Review of ‘Bee Detectives’
World Bee Day is coming up on May 20 and I’ve been showcasing some of my new favourite bee books of late, including ‘The Very Clever Bee’ which you can see my review of here and my more extensive list of bee books is here.
I’ll be at the Gold Coast for World Bee Day as part of the Storyfest early childhood day – will definitely be throwing in some bee-ish news!
Title: ‘Bee Detectives’
Reviewer: Dr Sam Lloyd
Author: Vanessa Ryan-Rendall
Illustrator: Brenna Quinlan
Publisher: CSIRO Publishing (2021)
Age Range: 4 – 10 years
Themes: Bee ecology, diet, behaviour, habitat, reproduction, specialist adaptations
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by Vanessa Ryan-Rendall & Brenna Quinlan
I would like to start this review by saying how grateful I am to the Teacher/Librarian over the back fence for letting me review a book about bees! We all know the obsession with bees and so I really didn’t think this book would come my way, but I am super pleased it did.
I too am a lover of bees…and a collector of bee art (especially by Tamsin Ainslie – find her on instagram @tamsinainslie), books, jewellery and clothes. Actually, my PhD research was on pollination ecology and really what’s not to love about bees!
‘Bee Detectives’ is a lively story about the wonder and honest curiosity of children to learn more about nature…in this case native bees. The cartoon-inspired illustrations are fun, colourful and the diagrams are especially good at conveying the complexity of native bee biology in an accessible way.
My son especially liked the diagram on bee growth and development and I just love the end papers featuring Persoonia sp. and Eucalyptus sp. and a variety of native bees.
The story starts with the two main characters, siblings Olivia and Hamish and their very cute pet guinea pig Ignatius, seeking an explanation for what they initially believe to be a fire.
Their parents accompany them to investigate, and they see that a tree has been felled in the park opposite their house. It is not a fire, but a swarm of native bees that look like smoke from a distance. We are not sure why the tree has been felled, but unfortunately no one did a fauna check first and hence the bees need help…so they call in the Bee Team!
The Bee Team identify the bees as Tetragonula sp. and teach everyone about Australia’s only native social (stingless) bee, including how to safely rescue the bees. From here our friends begin a ‘Bee Detectives’ adventure, learning all about different species of Australian native bees, including the beautiful blue-banded bee and the adorably named teddy bear bee.
We follow the children as they learn how these different bees pollinate our native plants, their specialist adaptations (one guess what a leaf cutter bee does) and watch their enthusiasm for nature grow. They also have a neat reference section at the back of the book with information about how to attract bees to your garden and the bee species included in the book.
I think the most important message we learn from Olivia and Hamish is that if we take the time to look at the small things around us in nature, we can all be Bee Detectives, “all you need to do is step outside”.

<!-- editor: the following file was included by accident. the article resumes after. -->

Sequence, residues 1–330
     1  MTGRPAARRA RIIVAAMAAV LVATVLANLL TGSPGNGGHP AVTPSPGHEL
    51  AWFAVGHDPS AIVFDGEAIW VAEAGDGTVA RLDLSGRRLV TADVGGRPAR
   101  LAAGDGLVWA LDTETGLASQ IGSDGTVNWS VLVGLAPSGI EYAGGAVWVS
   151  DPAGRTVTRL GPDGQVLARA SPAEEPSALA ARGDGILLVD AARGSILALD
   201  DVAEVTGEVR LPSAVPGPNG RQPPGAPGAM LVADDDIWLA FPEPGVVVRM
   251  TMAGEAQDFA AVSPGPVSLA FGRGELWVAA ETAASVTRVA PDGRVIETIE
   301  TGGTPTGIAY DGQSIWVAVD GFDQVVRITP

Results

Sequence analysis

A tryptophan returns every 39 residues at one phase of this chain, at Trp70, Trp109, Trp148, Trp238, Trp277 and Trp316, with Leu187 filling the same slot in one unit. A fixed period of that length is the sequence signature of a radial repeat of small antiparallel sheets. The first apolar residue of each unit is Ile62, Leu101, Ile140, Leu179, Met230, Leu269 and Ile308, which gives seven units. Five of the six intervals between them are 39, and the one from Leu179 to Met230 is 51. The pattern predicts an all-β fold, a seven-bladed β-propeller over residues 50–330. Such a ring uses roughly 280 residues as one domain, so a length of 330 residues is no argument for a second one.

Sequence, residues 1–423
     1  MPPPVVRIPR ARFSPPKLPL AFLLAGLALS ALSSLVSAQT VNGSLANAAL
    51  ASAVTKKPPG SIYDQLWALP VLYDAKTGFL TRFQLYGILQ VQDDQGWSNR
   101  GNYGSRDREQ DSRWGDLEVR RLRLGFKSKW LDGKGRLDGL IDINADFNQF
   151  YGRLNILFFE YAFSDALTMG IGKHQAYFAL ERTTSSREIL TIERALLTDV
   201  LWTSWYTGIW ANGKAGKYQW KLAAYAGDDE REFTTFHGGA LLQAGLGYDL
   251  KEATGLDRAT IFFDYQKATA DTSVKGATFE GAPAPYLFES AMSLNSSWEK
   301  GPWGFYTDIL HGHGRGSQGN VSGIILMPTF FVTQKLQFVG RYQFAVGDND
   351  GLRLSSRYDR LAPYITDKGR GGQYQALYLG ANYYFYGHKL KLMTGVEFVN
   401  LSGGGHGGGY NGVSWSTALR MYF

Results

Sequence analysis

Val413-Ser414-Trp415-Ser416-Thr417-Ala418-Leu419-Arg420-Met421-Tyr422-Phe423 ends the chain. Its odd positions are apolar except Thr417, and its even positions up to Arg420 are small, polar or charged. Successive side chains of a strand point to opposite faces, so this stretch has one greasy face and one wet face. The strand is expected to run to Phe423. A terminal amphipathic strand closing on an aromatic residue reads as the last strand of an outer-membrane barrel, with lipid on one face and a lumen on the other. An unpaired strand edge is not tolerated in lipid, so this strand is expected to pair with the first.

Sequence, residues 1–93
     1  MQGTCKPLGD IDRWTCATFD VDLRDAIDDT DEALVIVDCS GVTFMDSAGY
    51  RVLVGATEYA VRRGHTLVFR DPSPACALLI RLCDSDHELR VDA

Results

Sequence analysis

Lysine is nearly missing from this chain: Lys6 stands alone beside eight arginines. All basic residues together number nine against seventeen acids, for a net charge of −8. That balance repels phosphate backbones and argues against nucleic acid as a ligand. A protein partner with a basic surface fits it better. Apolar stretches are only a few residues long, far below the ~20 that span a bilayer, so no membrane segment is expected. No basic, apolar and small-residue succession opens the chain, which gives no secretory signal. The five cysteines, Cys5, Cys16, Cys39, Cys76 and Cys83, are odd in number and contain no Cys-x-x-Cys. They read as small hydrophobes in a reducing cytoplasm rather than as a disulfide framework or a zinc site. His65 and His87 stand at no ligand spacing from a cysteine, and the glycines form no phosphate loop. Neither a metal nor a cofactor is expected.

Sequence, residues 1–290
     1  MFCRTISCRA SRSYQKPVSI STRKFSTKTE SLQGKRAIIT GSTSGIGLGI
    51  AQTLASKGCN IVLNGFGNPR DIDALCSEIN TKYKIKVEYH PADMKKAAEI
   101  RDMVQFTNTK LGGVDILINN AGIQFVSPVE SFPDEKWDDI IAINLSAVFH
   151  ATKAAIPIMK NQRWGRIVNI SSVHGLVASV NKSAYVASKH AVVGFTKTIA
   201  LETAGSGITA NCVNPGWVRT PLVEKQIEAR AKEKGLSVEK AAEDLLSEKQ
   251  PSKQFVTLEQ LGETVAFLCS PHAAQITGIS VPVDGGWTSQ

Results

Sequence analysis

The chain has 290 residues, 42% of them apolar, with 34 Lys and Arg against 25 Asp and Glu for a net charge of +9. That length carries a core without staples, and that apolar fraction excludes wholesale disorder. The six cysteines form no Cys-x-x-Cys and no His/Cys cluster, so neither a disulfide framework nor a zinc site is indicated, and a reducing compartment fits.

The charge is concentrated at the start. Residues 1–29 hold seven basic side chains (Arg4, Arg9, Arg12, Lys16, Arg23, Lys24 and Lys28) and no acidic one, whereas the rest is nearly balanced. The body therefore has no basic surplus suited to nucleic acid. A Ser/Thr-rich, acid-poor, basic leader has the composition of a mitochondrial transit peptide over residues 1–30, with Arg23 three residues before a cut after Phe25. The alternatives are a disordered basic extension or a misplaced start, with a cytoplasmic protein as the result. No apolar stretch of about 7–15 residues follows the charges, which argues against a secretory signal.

A note about Australian Native Bees:
If you follow this blog then you will know that Megan has had many (many) interesting and engaging posts about bees, bee books and other bee-related topics (Native Bee Hives and Bee Books and a review of ‘The Very Clever Bee’ to name a few!) and so I am going to concentrate on only a few resources and links. My review of ‘Flight of the Honey Bee’ also contains pollination and bee information and links.
Native stingless bee hives are very popular with many suppliers across Australia and it’s worth doing your research if you are thinking of installing one.
I do think recognition needs to be given to ex-CSIRO research scientist and entomologist Dr Tim Heard, founder of Sugarbag Bees, which provides stingless bee hives, products, resources and support. Tim is a leader in the growing recognition, understanding and popularity of this amazing species.
There is also the Aussie Bee Website, which has lots of great photos, a native bee identification guide and other useful information and resources.
Resources & Further Reading:
There are a number of thorough resources on native bees, including ‘The Australian Native Bee Book’, a guide to keeping native stingless bees by Dr Tim Heard and ‘A Guide to Native Bees of Australia’ by Terry Houston.
If you are interested in native insect pollinators more generally, there is the Wild Pollinator Count, which is a fantastic citizen-scientist project collecting information on native pollinators in a national survey in Autumn and Spring…and of course native bees feature very strongly. The website also has a wonderful collection of photos.
Dr Samantha Lloyd
Dr Samantha Lloyd is an ecologist and environmental manager with a passion for the Australian bush, children’s literature, dance, music and baking.
Having graduated from the University of Wollongong with a Bachelor of Science (Biology), 1st Class Honours in 1998 and a PhD (pollination ecology) in 2006, Sam has worked as an environmental manager for the SEQ regional NRM body; as an entomologist for the Australian and New Zealand Fire Ant Control Programs; and as Coordinator of the Moreton Bay Oil Spill Environmental Restoration Program.
Sam’s long-standing daytime gig is as Manager of the Queensland Fire and Biodiversity Consortium, with bushfire ecology and awareness being another of her passions.